Onset of sidebranching in directional solidification
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We use a computationally efficient phase-field formulation [B. Echebarria et al., Phys. Rev. E 70, 061604 (2004)] to investigate the origin and dynamics of sidebranching in directional solidification for realistic parameters of a dilute alloy previously studied experimentally [M. Gorgelin and A. Pocheau, Phys. Rev. E 57, 3189 (1998)]. Sidebranching is found to result either from noise amplification or from deterministic oscillations that exist both in two dimensions and in a three-dimensional thin-sample geometry. The oscillatory branch of growth solutions bifurcates subcritically from the main steady-state branch of solutions and exists over a finite range of large array spacings. In contrast, noise-induced sidebranching is associated with a smooth transition where the sidebranching amplitude increases exponentially with spacing up to nonlinear saturation due to the overlap of diffusion fields from neighboring cells, as observed experimentally. In the latter case where sidebranching is noise-induced, we find that increasing the externally imposed thermal gradient reduces the onset velocity and wavelength of sidebranching, as also observed experimentally. We show that this counterintuitive effect is due to tip blunting with increasing thermal gradient that promotes noise amplification in the tip region.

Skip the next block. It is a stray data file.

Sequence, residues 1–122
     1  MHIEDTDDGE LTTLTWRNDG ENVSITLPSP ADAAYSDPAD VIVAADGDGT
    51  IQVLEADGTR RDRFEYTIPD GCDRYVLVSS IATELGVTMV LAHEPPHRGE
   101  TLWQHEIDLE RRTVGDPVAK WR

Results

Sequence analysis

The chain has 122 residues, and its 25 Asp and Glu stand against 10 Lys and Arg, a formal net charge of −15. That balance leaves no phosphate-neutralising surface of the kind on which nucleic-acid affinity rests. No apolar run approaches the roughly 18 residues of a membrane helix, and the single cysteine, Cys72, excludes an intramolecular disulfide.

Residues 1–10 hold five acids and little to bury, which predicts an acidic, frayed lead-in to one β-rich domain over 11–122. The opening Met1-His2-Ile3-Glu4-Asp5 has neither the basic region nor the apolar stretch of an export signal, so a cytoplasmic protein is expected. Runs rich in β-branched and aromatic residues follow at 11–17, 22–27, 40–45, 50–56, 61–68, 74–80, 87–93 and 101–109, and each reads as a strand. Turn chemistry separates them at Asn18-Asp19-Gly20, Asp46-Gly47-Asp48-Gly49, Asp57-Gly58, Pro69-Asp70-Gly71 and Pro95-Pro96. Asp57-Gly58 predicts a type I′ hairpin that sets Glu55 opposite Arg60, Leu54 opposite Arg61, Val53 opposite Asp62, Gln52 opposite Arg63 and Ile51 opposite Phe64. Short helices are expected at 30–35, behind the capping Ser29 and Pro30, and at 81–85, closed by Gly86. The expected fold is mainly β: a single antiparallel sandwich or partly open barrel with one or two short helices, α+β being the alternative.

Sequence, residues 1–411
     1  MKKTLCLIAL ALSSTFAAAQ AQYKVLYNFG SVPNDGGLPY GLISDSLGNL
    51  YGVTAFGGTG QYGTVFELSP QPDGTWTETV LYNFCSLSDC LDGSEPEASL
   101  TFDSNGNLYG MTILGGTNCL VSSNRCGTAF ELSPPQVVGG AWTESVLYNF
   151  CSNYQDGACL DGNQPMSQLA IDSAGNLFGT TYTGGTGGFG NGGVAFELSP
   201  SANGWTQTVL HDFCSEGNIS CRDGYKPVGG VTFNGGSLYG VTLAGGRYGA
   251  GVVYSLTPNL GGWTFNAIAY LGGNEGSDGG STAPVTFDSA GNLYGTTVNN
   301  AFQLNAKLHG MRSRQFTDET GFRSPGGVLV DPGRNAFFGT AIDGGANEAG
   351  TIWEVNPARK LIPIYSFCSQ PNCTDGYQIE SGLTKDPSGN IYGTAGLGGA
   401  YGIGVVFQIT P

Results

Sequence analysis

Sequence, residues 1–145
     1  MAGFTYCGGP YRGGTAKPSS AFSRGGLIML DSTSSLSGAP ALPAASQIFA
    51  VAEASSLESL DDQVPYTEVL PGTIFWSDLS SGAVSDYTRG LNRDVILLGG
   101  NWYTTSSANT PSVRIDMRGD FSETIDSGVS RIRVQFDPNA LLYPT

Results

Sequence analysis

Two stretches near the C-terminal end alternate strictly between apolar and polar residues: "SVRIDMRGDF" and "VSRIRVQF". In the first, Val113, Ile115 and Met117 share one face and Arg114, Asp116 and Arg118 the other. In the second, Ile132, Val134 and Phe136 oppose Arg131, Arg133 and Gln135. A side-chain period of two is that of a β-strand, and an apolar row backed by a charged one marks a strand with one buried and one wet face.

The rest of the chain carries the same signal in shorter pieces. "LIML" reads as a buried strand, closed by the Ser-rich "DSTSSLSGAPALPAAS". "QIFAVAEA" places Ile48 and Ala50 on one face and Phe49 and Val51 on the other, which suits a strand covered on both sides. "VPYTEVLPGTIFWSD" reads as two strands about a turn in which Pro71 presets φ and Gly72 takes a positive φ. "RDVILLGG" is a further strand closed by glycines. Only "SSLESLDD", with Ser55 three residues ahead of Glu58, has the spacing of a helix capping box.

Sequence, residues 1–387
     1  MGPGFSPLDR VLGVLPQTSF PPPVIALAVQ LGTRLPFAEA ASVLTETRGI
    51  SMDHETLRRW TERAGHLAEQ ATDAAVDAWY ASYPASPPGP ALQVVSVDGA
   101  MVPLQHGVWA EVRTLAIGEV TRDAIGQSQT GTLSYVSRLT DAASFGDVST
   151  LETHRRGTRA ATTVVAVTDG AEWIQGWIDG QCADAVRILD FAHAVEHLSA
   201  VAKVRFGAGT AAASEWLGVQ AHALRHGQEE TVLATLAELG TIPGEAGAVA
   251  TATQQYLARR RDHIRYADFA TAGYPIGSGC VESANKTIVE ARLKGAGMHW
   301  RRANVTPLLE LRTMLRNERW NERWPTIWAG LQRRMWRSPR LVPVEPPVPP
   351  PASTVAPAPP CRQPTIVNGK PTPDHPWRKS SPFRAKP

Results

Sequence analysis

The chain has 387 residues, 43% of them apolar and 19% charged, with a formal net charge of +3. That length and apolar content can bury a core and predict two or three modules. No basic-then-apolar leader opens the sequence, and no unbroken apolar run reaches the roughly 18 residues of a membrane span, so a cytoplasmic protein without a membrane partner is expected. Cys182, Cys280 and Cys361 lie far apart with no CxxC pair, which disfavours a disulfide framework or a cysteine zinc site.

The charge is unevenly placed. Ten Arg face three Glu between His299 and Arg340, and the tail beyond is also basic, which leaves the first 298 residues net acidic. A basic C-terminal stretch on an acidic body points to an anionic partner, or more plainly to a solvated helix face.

CitationEchebarria, B.; Karma, A.; Gurevich, S. Onset of sidebranching in directional solidification. "Physical review E: statistical, nonlinear, and soft matter physics", 26 Febrer 2010, vol. 81, núm. 2, p. 021608-1-021608-17.